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The primary symbol of "Crazy Kate" by William Cowper is introduced in the first lines: "With prickly goss, that shapeless and deform / And dangerous to the touch, has yet its bloom...." The word "goss" is a dialectal variation of the word "gorse," a prickly, spiny shrub with black pods and yellow blossoms: "decks itself with ornaments of gold...." Cowper builds a metaphoric analogy between the symbol of "goss" and Crazy Kate. His tone is one of respect and kindness, not disparagement or contempt. The tone is evident is "ornaments of gold," "no unpleasant ramble," "smells fresh," etc.
Two themes of "Crazy Kate" are devastation in grief and dignity in crazed sorrow. Kate was well employed and clothed in satin and in love with a sailor. He died at sea and her life was devastated; she "never smiled again. And now she roams...." Her clothes are in tatters that barely cover her. She collects pins that she begs from passersby. She never begs food or clothing, though both are needed. In her grief she is devastated.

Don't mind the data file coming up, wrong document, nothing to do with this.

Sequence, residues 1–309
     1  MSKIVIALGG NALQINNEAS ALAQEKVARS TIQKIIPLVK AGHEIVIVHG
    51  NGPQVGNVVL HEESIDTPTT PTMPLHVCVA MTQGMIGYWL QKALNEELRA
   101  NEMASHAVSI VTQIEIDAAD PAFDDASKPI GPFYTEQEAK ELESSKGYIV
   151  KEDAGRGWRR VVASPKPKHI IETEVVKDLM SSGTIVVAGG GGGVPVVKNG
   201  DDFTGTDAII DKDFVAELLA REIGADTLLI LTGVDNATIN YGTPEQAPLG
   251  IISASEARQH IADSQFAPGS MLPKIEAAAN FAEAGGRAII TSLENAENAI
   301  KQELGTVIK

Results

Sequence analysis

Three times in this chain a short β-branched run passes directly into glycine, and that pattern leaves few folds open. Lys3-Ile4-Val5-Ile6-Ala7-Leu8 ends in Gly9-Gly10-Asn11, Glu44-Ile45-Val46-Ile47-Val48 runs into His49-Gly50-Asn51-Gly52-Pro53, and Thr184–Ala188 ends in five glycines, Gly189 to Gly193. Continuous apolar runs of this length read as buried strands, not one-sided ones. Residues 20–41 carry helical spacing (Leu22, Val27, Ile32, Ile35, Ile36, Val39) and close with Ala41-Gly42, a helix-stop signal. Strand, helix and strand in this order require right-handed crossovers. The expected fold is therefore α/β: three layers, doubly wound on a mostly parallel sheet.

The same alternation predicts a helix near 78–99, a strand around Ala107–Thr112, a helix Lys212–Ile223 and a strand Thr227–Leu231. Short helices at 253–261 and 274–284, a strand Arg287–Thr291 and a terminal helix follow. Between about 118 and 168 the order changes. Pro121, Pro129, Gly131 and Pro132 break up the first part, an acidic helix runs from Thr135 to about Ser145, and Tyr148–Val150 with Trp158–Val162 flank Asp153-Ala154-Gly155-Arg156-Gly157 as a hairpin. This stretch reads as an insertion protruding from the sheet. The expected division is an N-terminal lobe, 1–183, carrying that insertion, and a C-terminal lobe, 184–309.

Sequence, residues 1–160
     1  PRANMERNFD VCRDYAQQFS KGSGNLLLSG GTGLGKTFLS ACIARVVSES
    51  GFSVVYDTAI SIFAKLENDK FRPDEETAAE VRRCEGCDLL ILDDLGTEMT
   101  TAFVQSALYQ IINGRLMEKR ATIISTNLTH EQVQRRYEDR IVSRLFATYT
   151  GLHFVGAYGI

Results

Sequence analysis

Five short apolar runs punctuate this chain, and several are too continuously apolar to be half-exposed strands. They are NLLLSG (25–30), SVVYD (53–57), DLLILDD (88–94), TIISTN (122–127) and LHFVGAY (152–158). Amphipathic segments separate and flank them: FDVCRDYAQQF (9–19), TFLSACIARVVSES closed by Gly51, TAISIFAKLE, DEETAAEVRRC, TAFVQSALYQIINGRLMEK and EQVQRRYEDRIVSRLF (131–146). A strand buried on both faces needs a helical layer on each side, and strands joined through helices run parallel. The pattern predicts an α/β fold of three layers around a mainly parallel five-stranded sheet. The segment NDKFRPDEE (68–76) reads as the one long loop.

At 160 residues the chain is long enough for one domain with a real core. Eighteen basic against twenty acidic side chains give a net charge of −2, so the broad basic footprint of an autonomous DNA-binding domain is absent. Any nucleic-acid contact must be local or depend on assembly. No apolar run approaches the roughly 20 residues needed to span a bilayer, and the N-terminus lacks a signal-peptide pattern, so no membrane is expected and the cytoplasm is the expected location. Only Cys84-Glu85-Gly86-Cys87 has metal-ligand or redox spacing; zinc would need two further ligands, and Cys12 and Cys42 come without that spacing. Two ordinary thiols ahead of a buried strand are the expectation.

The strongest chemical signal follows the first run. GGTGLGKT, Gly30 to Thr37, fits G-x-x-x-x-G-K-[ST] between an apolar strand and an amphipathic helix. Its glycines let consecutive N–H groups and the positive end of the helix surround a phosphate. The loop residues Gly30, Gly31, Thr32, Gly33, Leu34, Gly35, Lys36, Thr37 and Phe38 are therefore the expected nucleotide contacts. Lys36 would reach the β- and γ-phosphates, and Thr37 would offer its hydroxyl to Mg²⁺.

Yet, she maintains the dignity of her humanity. In her mind, she continues to be employed in productive work, that of collecting pins, which were once very important in holding some garments in place and in making new garments (as now). Her dignity is stressed by Cowper in that she never begs for things for her personal comfort, only for that which is perceived as productive employment. A third theme is God's compassion that, according to Cowper's last line, stands in opposition to humankind's dearth of compassion.
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